3. 3. UsabilityUsability describes how efficient and effective an interactive product is. Toachieve usability, you need to set a number of usability objectives. Usually theseobjectives include:Efficiency – how quickly can a user perform a task?Learn-ability – is it easy to use the first time?Memory – Can people remember how to work the product next time they use it?High utility – The product does the things that people want to get doneEffectiveness – Does it have the right functions and information content and arethese well organized?AccessibilityDesign for accessibility should take usability objectives into consideration andmake sure that they also enable people with different types of disabilities to usean interactive product.AcceptabilityTo achieve acceptability you need to take into consideration the context in whichthe product will be used. Key features might be political, cultural and socialhabits, convenience and economic. For example a product that makes noiseswhen used might not be acceptable in a library.EngagementA well design product should also be engaging to use, in order to be enjoyable,rewarding, memorable and satisfying. In its essence engagement is aboutensuring that the interaction flows.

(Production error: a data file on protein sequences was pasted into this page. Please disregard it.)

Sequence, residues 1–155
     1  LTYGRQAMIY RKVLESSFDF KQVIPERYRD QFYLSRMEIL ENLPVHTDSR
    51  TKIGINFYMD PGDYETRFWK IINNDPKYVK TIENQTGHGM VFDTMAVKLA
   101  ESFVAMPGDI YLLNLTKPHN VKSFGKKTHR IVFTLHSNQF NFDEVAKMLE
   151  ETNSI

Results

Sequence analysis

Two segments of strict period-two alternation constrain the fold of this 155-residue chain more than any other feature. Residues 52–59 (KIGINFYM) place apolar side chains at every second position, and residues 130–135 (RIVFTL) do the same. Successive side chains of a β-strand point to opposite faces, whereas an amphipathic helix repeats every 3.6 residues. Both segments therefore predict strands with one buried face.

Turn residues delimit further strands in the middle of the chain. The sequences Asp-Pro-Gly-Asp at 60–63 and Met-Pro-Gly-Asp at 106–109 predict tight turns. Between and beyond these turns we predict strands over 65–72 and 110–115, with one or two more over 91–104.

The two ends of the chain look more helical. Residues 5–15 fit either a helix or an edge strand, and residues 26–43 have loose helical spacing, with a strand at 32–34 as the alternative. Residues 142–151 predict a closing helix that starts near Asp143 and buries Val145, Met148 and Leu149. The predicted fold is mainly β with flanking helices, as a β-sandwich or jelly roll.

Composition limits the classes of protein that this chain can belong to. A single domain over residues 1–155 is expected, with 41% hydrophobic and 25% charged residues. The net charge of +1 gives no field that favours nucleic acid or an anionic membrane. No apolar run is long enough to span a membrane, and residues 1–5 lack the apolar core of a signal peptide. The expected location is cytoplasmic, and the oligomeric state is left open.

4. 4. 3. What is accessibility?Accessibility stands for something that should be easily obtainable, approachedor entered. In usability terms, accessibility refers to the degree to which aninteractive product is usable by people with disabilities.According to Benyon, Turner & Turner (Designing Interactive Systems,2004), there are two main approaches to designing for accessibility; Designfor all (a.k.a. universal design, see Appendix 1) and inclusive design. While‘Design for all’ goes beyond the design of interactive systems and applies toall design endeavours, ‘Inclusive Design’ takes a more pragmatic approach.The advocates of inclusive design argue that there will often be technical andeconomic (etc.) reasons why total inclusion is unattainable. Benyon, Turner &Turner state that inclusive design is based on four premises:1. Varying ability is not a special condition of the few but common characteristics of being human and we change physically and intellectually throughout our lives.2. If a design works well for people with disabilities, it works better for everyone.3. At any point in our lives, personal self-esteem, identity and well-being are deeply affected by our ability to function in our physical surroundings with a sense of comfort, independence and control.4. Usability and aesthetics are mutually compatible.They continue by suggesting that in order for designers to be able to ensure anaccessible system they should:• Include people with special needs in requirements analysis and testing of existing systems.• Consider whether new features affect users with special needs (positively or negatively) and note this in the specification.• Take account of guidelines and include evaluation against guidelines.• Include special needs users in usability testing and beta tests.Web accessibility, or e-inclusion as it often is refereed to, is more specificallytargeted at online services and information provision, but the same basic designguidelines described above are applicable. ‘Design for all’ is also the basis forthe W3C’s work on creating a web accessibility standard.